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I woke up touch early (4am) to watch the final day of the fourth India-England test match at Oval. First, I checked cricinfo and wow, Tendulkar was still batting. After a series of troubles and time outs, I managed to find one video streaming link. He wasn’t at the imperial best, but all looked set for that 100th 100. Other than that momentary hope, there was not even a glimpse of hope in the test match result. Anyway, much like the millions (or billions) all across the globe, I waited to see that 100. But alas! On 91, yet again a 90s misfortune for Tendulkar. Out LBW, somewhat contentious, but not overly outrageous a decision by an umpire anyway. He wasn’t at his imperial best in this series, but he was looking good for one to make that 100th number. Now, we will have to wait again for more from the great man.

Now the England white wash over India in a 4 test match series. The BCCI and the much hopeless cricket administration is putting the nails on the test cricket coffin. What a pity! For them IPL is the cash cow. Everything else is just for time pass. When a lot of money is poured in, even the most respected commentators and ex test cricket players have swallowed tongues. No one will put a blame on preparation. An IPL soon after world cup have paid more than damage to Indian cricket. Half fit players for an all important test series? In the end, made a mockery of test cricket!

I was long curious about the origin of the name San Diego. I feel ashamed of myself if I don’t know a bit of history of the place where I stay. As far as history is concerned, to a decent extend, I was indeed aware about the history of California, including San Diego. But, I didn’t know where the name San Diego originated from. Thanks to this and a bunch of Google/Wikipedia hits, here I know why San Diego!

Here is the official explanation behind the name San Diego, at least per San Diego Historical Society.  The Spanish explorer Sebastian Vizcanio arrived San Diego from the Mexican coast of Acapulco . This was in the year 1602 and it took. He had departed Acapulco with four ships on May 5, 1602 and only three of them, his flagship ship being San Diego, made it to what is now known as San Diego bay.  Besides the flagship ship named San Diego, he had two other ships arrived at the bay. They are the San Tomás and the Tres Reyes. The exact date (as per history) of his arrival in San Diego bay is November 10, 1602. Acapulco found no qualms in naming the new coastal area by his flagship ship name and hence we now live in the beautiful San Diego and not San Thomas or Tres Reyes, huh! Apparently, there was another reason why Acapulco chose San Diego. It was to honor the Mission Basilica San Diego de Alcalá.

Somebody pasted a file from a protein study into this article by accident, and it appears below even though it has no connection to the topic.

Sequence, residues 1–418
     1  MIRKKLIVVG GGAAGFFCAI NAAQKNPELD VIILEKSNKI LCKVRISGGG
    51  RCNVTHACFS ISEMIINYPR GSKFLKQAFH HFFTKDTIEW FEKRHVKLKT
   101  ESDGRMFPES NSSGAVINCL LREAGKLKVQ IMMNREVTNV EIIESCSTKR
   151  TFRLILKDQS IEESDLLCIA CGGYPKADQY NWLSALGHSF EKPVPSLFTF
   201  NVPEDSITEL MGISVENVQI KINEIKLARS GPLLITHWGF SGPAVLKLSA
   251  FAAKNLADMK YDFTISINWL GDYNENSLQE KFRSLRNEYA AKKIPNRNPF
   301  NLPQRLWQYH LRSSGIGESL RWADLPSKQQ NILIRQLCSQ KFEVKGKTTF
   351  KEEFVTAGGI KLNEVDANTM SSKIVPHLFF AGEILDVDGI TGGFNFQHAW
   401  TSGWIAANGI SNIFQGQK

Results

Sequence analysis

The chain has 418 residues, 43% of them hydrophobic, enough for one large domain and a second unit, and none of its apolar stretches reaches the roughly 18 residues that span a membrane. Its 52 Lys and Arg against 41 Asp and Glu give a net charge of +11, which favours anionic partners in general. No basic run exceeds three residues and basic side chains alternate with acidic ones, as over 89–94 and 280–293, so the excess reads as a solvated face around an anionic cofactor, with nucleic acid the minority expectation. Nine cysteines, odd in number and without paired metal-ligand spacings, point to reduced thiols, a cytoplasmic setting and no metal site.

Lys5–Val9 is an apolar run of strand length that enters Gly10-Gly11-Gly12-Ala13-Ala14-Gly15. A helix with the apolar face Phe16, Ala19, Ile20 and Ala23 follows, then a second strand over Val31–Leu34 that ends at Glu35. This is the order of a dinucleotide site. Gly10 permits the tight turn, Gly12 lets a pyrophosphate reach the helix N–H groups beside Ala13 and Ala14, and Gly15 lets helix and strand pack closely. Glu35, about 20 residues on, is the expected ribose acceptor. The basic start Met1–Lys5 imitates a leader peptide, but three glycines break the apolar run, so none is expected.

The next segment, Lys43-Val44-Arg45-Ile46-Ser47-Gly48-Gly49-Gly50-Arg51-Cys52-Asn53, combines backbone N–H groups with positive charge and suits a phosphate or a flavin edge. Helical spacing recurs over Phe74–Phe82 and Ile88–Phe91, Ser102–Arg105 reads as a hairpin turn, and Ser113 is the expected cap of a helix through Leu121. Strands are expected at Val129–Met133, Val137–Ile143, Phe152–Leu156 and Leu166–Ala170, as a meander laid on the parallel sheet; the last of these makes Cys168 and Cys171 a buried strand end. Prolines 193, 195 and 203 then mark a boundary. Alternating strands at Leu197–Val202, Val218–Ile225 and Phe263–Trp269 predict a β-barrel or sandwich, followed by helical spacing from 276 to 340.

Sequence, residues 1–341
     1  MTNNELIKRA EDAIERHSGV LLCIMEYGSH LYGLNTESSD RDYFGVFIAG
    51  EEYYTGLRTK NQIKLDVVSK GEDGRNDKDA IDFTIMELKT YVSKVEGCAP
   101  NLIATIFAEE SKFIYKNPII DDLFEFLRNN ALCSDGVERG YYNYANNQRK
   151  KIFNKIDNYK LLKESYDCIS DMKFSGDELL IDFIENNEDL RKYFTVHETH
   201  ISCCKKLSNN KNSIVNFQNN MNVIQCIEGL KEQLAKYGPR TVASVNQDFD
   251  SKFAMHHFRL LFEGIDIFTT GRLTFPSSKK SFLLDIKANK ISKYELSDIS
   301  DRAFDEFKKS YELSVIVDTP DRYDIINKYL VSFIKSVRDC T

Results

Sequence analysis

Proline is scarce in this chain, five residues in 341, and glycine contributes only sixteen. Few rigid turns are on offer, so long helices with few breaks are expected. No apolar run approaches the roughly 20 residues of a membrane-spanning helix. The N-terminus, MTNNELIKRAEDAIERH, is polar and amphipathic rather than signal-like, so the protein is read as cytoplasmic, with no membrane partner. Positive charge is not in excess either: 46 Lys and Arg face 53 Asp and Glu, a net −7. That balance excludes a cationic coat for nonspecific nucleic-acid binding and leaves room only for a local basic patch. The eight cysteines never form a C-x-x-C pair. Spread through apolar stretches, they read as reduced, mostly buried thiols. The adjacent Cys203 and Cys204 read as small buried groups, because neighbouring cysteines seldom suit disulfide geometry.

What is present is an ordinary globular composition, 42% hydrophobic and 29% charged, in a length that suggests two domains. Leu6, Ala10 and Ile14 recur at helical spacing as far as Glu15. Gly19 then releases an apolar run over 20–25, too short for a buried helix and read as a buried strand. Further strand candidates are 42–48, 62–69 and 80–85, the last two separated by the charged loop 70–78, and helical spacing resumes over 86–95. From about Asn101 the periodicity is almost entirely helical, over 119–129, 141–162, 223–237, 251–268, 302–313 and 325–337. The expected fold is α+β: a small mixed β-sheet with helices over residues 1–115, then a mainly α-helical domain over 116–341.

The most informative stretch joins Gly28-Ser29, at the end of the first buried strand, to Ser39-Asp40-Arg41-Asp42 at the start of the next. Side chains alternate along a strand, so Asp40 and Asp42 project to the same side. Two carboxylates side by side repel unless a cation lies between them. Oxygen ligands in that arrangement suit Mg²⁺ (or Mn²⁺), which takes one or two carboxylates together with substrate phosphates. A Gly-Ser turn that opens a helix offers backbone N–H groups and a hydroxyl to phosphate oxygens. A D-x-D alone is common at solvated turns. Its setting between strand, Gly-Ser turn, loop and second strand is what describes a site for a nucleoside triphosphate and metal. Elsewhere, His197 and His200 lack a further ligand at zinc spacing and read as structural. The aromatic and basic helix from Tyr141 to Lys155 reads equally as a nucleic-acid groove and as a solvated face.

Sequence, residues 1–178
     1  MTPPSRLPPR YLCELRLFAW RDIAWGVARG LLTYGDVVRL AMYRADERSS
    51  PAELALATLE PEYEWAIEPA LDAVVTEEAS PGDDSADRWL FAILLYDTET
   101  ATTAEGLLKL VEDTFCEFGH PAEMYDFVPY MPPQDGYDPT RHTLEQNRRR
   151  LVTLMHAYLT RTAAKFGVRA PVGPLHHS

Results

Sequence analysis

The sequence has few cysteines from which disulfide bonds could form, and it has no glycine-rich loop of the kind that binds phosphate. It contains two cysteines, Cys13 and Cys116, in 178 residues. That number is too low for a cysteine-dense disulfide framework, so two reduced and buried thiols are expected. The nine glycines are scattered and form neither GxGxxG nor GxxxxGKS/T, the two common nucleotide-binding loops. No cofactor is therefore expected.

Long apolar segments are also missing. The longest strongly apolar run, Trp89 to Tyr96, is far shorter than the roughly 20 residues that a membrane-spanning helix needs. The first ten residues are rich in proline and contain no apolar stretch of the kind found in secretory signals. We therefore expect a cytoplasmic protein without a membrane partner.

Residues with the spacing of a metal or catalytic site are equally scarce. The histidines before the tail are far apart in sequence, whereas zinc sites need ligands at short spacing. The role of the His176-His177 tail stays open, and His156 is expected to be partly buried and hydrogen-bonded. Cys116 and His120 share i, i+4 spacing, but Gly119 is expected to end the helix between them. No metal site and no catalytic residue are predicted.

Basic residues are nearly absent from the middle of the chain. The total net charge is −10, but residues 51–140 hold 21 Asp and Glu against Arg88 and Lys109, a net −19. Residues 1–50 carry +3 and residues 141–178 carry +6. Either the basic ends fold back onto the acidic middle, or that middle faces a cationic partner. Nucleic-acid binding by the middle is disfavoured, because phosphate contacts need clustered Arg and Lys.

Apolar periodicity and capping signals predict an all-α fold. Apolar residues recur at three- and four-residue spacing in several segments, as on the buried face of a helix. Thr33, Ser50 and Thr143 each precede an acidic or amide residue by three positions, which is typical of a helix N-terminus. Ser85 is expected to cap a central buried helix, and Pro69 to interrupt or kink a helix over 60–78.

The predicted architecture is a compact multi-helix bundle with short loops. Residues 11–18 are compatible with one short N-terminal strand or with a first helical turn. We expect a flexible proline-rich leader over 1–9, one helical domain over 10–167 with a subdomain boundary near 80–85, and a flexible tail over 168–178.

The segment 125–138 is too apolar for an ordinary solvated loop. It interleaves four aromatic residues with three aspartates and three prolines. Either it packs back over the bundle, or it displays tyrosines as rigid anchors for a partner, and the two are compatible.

Windowing techniques have always offered confusion to me. The hardest one was to remember what is what and how they looked in frequency domain (the time domain view was something thankfully I recollect from the names). I hit upon this yet again while trying to map the theoretical spectrum to spectrum computed from discrete samples (for an OFDM modulated signal) and then to analog spectrum measured by an instrument (By the way, I figured out that, the closest discrete technique which maps to the spectrum computation in spectrum analyzer is the Danielle method, which for some reason is not there in Matlab!) . For ages, I was using the pwelch (now spectrum.pwelch) function (pwelch method to estimate the spectrum) to compute/plot the spectrum in Matlab. Usually, some windowing as well is used to adjust the mean square versus resolution.  What window function is more suitable is something that I’ve never mastered. These days, doing a Wikipedia search to find a temporary fix and then move on is the adopted, yet not entirely satisfying strategy. The frequency domain characteristic of the popular window functions are now in here for reference, thanks to Marcel Müller. Since I may need it once in a while, I’ll keep a copy here for my own selfish quick reference. If you ever need to grab a copy, please be aware that, the ownership of this is with them.

Just came across a neat little Google App for Meegenius to use with Google chrome. Quite cute and nice. Basically, a little story telling/book reading (with audio) app for small kids; Essentially, this is an add on to the Meegenius online book store/reading for kids while using Google Chrome as the browser. I am sure kids will have an enjoyable ride with this. I found it to be incredibly cute!

Well, if you are not really obsessed with Google chrome, then you can as well go direct to MeeGenius and read it there!

One thing I like (besides it being an absolute gem of  a search genie) about Google is their customized logos, usually marking the day in history. Today, on Pierre de Fermat’s b’day they setup a nice and cute logo. On the logo, the famous Fermat’s last theorem is pictured.  I think, it was in 1993 I first, heard of this famous problem when England born Oxford/Princeton mathematician Andrew Wiles unveiled the solution. In 1996 or so, there was this documentary telecast in BBC on Andrew Wiles and his journey to solving one of the greatest (if not greatest, one of the most talked about problem) problem in the history of mathematics. A high class documentary is archived in youtube. I am not sure whether it was BBC who made it originally. I see that some youtube link shows UTV.

Here is another piece of writing/blog on this subject (by Chloe Albanesius).

The 2012  Shannon award will go to El Gamal.

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